Can Europe's short selling ban make things worse
Short selling is a way to profit from falling prices. You can sell shares you don't actually own on the assumption that the price will fall, with the aim of buying them back later for less.
But how can you sell something you don't own?
Simple: You can borrow them for a fee from long-term investors such as pension funds, banks, and insurers who lend the stocks that they have in their portfolio. This helps to boost their own returns. The borrower then sells the borrowed stock, hoping to buy them back on the cheap to return it to the owner. Shorting in most cases is a hedge operation. As the name implies, it is an operation where you go long buying stocks, but where you also "hedge" this with some shorts on other stocks. This way you can protect your portfolio against losses if the markets drop.
But is shorting not 'Evil' done by ruthless vilified persons?
Because of rumors about critical issues such as the health of French banks and the stability of France's triple-A credit rating, the bank stocks dropped massively and the regulators blamed everything on the usual culprit: the short-sellers. As a result, some European countries (France, Italy, Spain, and Belgium) decided to ban short-selling on their beloved financial institutions.
But did these same regulators not conduct European stress tests on the same institutions a couple of weeks ago? The tests were performed on banks in 21 countries to assess their ability to withstand a prolonged recession. Most of the banks under the ban rule passed the tests. The same banks are now protected with this shorting ban! Very odd, would you not say? What does this say about the quality of these stress tests? My opinion is that these tests were a waste of time! Things are getting out of control and the authorities are in a panic.
In contrary to the populists who see short-sellers as rumor mongers and conspirators, they are actually among the most fundamentally driven of all the investors. They are closer to the accounting policy than the authorities. They're specialized in detecting companies that are cooking the books. While companies often accuse short sellers of lying and conspiracy, it turns out that the accusers are often the guilty party (cf. Owen Lamont, Chicago University). Read David Einhorn's book 'Fooling Some of the People All of the Time' about Allied Capital and Lehman Brothers, and you will understand what I mean.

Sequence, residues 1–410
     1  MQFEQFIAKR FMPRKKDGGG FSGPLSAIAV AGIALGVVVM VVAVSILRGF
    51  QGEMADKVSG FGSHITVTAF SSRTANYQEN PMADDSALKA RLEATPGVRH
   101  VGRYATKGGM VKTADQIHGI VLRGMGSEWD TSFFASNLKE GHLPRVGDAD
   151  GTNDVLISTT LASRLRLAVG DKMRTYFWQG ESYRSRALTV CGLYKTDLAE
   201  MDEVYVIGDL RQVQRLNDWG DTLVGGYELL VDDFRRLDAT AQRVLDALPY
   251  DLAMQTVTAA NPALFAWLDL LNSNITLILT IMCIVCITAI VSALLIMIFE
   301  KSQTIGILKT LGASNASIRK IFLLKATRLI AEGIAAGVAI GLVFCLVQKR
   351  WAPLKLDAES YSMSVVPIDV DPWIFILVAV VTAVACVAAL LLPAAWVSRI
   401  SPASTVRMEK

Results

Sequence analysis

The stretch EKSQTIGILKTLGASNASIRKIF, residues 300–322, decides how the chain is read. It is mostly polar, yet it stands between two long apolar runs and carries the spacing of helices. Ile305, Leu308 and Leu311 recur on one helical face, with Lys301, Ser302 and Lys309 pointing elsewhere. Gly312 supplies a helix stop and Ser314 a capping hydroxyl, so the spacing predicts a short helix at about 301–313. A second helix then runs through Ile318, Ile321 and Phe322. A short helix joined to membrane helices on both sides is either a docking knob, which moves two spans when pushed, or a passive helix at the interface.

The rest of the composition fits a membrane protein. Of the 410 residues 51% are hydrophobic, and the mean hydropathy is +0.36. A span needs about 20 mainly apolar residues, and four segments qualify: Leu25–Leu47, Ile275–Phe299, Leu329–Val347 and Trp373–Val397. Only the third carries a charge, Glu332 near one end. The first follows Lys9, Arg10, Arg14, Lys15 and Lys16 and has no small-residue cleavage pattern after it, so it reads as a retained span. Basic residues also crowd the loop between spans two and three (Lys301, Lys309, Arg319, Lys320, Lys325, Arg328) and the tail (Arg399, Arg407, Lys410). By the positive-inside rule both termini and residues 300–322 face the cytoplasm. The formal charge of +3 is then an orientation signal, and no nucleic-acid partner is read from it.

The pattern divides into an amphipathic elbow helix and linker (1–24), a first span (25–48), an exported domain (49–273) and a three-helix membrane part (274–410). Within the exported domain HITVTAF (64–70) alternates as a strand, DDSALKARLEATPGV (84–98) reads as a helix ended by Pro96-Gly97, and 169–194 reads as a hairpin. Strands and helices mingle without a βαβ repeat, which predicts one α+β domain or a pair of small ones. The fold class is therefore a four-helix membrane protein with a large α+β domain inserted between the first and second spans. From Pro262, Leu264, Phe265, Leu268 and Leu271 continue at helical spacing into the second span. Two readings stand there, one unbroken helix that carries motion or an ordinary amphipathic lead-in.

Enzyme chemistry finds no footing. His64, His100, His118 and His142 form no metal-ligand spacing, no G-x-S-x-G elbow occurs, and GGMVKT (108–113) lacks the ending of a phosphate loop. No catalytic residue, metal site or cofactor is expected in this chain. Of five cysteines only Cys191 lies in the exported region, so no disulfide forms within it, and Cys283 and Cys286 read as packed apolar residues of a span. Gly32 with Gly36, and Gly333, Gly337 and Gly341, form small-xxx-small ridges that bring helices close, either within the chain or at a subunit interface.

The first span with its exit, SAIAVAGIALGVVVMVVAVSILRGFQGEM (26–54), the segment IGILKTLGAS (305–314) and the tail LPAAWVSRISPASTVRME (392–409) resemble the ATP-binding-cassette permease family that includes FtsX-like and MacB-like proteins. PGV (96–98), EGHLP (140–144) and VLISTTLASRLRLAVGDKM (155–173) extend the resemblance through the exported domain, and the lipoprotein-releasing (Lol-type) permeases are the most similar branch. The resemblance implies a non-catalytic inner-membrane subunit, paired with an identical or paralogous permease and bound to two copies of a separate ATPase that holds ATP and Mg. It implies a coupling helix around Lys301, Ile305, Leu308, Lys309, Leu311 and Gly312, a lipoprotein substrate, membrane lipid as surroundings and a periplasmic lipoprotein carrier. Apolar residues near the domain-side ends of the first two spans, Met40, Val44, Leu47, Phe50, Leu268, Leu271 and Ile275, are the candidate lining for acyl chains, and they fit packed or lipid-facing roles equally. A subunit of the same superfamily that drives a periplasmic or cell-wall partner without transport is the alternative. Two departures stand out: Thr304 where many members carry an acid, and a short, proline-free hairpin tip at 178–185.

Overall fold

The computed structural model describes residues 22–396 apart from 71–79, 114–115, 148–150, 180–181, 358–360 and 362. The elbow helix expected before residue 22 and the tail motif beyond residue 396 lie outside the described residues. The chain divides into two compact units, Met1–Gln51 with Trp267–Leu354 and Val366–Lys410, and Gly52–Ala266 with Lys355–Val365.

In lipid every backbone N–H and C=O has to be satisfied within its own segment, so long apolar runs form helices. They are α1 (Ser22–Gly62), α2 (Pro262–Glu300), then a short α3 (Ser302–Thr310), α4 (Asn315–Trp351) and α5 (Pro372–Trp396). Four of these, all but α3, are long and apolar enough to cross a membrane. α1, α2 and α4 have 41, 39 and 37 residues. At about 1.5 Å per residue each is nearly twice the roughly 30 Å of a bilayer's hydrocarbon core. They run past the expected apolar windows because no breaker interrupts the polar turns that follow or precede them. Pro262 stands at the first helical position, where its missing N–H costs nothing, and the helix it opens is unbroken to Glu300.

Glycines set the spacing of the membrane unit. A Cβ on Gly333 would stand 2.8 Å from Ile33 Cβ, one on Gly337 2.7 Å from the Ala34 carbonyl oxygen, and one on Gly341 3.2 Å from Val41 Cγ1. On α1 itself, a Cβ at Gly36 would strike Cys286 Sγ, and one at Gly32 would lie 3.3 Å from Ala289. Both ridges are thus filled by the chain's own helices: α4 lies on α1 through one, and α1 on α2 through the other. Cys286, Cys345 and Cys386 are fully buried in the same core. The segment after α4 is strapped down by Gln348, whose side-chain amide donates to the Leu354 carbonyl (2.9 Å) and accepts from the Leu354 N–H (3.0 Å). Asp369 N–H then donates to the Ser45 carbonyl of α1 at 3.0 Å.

You just don't shoot the messenger. The short sellers are not the problem, the bank's bad debts are the problem. A study by academics at Cass Business School and the University of Naples, on the bans in 30 countries in 2008 and 2009, suggests the prohibition could be counterproductive. "It disrupted liquidity and it worsened price discovery", said Marco Pagano, co-author. So bans are not a good idea as the academic studies show that they don't have any long-term effect. UK financials stocks actually increased their average daily decline in the months after the ban in 2008.
For example during the financial crisis of 2008 in Belgium, local governments (cities, regions, federal state) borrowed money to invest in the capital increases of theirs major banks. So they leveraged to invest in already leveraged companies. The argument was that they would actually earn money by the high dividend yield distributed by the banks. But these banks don't distribute dividends anymore now. Now they say that it is the fault of speculators and short-sellers. The stocks are still valued at prices 3 times the market value in the books of these municipal structures. But according to them, this is only a virtual loss, because the price is down due to the short-sellers. Warren Buffett once said:
"In the short run, the market is a voting machine. In the long run, it's a weighing machine."
If the price of the banks has been 2 to 3 times lower than the estimated value since 2008, doesn't this indicate there's something wrong with the value? It's time for serious reform instead of ostrich policy and accusing the wrong parties.